You’re leading a major new initiative for your organization. It’s kind of a big deal. Since you’re leading it, that means a lot of other people ARE NOT leading it. Nearly all of them are fine with that. It’s one fewer thing to be responsible for beyond their regular day jobs.

One person, however, resents the hell out of your leading the initiative.

This person (let’s make him a guy, because we all know, it’s almost always a guy) knows that HE should be leading the initiative. It’s HIS area of expertise. HE has the best experience. He’s been around longer than you have, is known by all the key executives, and basks in his reputation as always wanting to be the one credited with making things happen.

He sees the new initiative you are leading quite plainly: YOU are going to get the credit if things go well. In his twisted way, if YOU are getting credit for a success, that makes HIM look worse. That leaves only one option: do everything possible (without calling attention to it) to sabotage you, the initiative, and its ultimate success.

What leadership strategy should you employ to succeed while dealing with this type of pernicious corporate antagonist?

The expected answer is probably to keep the corporate antagonist as far away from the initiative as possible.

An Unconventional Leadership Strategy with a Corporate Antagonist

When a new executive at a company faced this situation, I counseled him to instead adopt a leadership strategy where he invites the antagonist into all the planning activities for the new initiative.

The advice surprised him.

Here’s the reason for suggesting it. Inviting the corporate antagonist into the heart of the process forces him to openly share his resistance. Participating in everything, he will be part of a lot of strategy setting, review points, and decisions. Across those opportunities, he’s going to have to either constructively participate or use crazy levels of subterfuge to hide the sabotage he really hopes to carry out successfully. If he elects to go the route of trying to jam things ups for the new initiative later, the initiative leader will have documented a whole array of comments and involvement to challenge and confront the duplicity.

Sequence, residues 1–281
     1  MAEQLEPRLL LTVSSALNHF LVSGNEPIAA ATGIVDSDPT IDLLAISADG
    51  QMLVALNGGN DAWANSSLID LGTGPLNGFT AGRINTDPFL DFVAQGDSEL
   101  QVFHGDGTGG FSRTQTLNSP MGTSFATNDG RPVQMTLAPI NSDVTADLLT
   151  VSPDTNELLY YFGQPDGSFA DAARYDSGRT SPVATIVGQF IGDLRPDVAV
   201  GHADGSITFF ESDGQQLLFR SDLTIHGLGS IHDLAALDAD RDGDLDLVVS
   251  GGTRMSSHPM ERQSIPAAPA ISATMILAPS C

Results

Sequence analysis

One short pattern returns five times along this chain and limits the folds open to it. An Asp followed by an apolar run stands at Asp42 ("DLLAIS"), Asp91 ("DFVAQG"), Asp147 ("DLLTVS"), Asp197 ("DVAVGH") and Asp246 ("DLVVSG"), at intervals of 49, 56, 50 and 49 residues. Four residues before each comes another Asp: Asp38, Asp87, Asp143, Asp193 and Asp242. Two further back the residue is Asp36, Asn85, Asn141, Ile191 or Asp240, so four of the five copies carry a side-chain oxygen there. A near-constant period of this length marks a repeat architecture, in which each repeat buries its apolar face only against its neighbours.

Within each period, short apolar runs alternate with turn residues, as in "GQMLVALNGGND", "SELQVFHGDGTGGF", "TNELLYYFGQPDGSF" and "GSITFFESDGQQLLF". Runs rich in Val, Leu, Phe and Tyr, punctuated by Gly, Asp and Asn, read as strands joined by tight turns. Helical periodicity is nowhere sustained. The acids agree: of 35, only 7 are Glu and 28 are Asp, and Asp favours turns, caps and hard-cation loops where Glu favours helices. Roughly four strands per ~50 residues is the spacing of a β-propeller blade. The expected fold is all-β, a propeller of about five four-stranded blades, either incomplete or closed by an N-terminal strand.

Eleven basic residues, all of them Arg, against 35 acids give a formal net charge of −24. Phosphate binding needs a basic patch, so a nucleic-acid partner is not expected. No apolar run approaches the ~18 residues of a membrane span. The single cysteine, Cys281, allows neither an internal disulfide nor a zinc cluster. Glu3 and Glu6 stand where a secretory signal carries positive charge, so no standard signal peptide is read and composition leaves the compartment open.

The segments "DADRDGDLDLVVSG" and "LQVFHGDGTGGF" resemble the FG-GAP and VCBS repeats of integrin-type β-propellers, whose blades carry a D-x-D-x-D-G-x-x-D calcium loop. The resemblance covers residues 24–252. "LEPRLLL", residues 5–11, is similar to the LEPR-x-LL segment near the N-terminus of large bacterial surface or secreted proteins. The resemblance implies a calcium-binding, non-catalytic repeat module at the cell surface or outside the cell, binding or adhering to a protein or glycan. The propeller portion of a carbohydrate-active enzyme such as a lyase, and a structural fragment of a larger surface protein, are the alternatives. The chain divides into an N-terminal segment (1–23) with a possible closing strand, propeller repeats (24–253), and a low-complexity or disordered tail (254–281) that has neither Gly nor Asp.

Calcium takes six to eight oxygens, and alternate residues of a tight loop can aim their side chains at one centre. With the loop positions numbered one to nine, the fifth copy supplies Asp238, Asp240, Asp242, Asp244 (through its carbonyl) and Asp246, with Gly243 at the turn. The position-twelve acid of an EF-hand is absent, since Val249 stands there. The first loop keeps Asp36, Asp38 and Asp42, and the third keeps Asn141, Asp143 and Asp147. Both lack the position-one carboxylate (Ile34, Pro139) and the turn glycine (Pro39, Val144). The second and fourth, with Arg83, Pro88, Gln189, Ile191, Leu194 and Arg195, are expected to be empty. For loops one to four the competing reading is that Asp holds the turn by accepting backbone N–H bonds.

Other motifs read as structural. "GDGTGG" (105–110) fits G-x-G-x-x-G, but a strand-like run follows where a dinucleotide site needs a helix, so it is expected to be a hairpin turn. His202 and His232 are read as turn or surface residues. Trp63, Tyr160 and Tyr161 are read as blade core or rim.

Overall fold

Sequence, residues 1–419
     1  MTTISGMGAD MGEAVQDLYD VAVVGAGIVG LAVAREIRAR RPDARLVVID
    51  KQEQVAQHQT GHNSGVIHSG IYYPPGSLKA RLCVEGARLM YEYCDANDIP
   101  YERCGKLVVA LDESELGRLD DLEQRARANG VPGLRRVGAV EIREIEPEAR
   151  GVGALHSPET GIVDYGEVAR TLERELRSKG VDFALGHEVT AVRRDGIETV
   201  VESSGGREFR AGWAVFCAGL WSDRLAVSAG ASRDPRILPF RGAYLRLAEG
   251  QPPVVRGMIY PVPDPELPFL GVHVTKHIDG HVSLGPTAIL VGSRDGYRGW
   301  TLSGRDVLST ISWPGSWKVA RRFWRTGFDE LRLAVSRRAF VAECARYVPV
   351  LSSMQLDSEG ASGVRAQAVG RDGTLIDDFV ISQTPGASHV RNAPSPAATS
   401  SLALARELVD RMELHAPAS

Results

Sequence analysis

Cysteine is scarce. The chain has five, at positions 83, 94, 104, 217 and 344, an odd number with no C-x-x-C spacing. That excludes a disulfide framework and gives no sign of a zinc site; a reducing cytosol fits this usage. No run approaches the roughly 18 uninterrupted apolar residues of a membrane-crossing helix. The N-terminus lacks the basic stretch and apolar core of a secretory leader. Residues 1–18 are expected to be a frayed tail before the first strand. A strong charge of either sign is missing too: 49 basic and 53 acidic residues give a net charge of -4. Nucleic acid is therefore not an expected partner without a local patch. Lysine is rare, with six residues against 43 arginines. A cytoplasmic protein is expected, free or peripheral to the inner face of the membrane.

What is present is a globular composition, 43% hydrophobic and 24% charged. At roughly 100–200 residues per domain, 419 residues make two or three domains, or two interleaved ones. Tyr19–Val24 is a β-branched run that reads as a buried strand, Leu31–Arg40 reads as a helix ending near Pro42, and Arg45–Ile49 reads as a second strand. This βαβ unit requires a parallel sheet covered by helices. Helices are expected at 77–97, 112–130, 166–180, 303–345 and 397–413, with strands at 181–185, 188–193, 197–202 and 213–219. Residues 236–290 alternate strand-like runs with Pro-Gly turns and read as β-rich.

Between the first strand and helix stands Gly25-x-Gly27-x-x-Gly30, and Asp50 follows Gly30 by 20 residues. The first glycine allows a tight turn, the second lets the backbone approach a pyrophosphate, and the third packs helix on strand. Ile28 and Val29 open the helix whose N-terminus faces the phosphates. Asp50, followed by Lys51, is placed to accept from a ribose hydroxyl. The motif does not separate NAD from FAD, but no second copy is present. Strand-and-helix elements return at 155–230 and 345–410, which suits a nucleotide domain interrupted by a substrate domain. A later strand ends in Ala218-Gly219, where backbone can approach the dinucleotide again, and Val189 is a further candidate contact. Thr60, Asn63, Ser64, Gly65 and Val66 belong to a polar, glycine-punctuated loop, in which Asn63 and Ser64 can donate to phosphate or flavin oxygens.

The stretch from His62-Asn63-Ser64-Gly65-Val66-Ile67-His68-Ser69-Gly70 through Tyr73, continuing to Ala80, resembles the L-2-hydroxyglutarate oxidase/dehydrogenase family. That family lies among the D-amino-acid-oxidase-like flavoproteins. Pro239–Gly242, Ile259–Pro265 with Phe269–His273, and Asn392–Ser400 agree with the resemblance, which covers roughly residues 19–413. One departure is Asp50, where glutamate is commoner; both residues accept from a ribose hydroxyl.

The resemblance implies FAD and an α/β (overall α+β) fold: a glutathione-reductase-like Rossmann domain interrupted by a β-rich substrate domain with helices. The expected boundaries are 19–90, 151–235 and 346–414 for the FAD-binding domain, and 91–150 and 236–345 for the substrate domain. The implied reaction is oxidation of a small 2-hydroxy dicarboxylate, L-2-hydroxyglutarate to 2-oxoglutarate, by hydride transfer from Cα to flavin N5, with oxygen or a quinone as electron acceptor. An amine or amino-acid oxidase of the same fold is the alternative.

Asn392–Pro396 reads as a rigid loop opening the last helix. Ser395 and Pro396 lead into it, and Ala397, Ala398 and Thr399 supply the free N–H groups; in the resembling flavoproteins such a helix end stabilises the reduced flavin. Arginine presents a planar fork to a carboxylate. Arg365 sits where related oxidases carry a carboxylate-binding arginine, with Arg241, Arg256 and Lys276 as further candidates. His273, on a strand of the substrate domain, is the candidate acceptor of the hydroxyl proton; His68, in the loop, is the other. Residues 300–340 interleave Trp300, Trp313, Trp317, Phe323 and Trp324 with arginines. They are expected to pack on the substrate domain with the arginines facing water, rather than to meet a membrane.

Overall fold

According to the new executive, the strategy is working. The antagonist feels involved. He’s having to go public with several biases and perennial weak spots in his leadership style as he tries to protect his previous work.

In this case, keeping a business ally close and a corporate antagonist even closer is working even when it seems an unconventional leadership strategy. – Mike Brown

If you enjoyed this article, subscribe to the free Brainzooming blog email updates.

Keep current on Idea Magnet creative leadership secrets!

If you enjoyed this post, make sure you subscribe to my RSS feed!

Mike Brown

Founder of The Brainzooming Group, and an expert on strategy, creativity, and innovation. Mike is a frequent speaker on innovation, strategic thinking, and social media.

More Posts - Website

Follow Me:
TwitterFacebookLinkedInPinterestGoogle Plus

Comments are closed.